The Appellant (Mr. Ayangma) unsuccessfully appealed a decision of the Supreme Court of PEI. The Supreme Court had refused Mr. Ayangma’s application for judicial review relating to a decision of the PEI Human Rights Commission. The PEI Human Rights Commission had dismissed Mr. Ayangma’s complaint relating to his job application for the Respondent (Canada Health Infoway Inc.).

26. August 2014 0

Administrative law – Decisions of administrative tribunals – Human Rights Commission – Human Rights complaints – Discrimination – Employment law – Appointment – Judicial review – Evidence – Standard of review – Reasonableness simpliciter – Correctness – Stare decisis

Ayangma v Prince Edward Island (Human Rights Commission), [2014] P.E.I.J. No. 33, 2014 PECA 13, Prince Edward Island Court of Appeal, July 18, 2014, D.H. Jenkins C.J.P.E.I., M.M. Murphy J.A. and N.L. Key J.

The Appellant (Mr. Ayangma) applied for a job with the Respondent, Canada Health Infoway Inc. Mr. Ayangma was interviewed by Mr. John Burns of Infoway. Mr. Burns found that Mr. Ayangma was not qualified for the position. Mr. Burns found another candidate to be qualified and Infoway hired him. Mr. Ayangma is a black man and the other candidate is a Caucasian man.

Mr. Ayangma filed a complaint with the PEI Human Rights Commission (the “Commission”) alleging that he was discriminated against on the basis of his colour, and ethnic or national origin. A panel of the Commission heard evidence from the parties and ultimately accepted that Infoway did not hire Mr. Ayangma because he was not qualified for the position. The panel did however criticize some aspects of Infoway’s hiring process.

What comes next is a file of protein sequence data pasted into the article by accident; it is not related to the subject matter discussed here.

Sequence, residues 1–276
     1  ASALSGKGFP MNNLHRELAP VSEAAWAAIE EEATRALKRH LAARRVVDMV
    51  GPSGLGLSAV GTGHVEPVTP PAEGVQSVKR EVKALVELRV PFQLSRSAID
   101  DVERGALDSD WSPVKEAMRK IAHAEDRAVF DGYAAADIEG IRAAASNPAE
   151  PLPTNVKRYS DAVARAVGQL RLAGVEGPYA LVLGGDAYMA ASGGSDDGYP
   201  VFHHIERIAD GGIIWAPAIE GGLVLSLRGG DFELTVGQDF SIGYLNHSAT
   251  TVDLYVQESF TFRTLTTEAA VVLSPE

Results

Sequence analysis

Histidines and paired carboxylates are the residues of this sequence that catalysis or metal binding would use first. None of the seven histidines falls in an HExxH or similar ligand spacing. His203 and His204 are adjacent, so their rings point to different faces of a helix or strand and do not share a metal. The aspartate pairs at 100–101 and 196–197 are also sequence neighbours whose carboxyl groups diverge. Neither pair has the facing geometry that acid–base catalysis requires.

Mr. Ayangma then applied to the PEI Supreme Court for judicial review of the panel’s decision. Mr. Ayangma argued that the panel had not followed a relevant precedent case indicating that a flawed hiring process always results in a finding of discrimination. He also argued that the panel should have inferred discrimination. The Supreme Court Judge rejected Mr. Ayangma’s application for judicial review.

Mr. Ayangma next appealed from the Supreme Court decision. The Court of Appeal held that the Judge applied the correct standard of review. The Court also held the doctrine of stare decisis would not apply. The Court of Appeal also held that the Judge did not make any reviewable error and his decision was sustainable.

The Court of Appeal dismissed Mr. Ayangma’s appeal. The Court of Appeal did not make any order for costs because Infoway withdrew its claim for costs.

This case was digested by Scott J. Marcinkow of Harper Grey LLP. If you would like to discuss this case further, please feel free to contact him directly at or review his biography at

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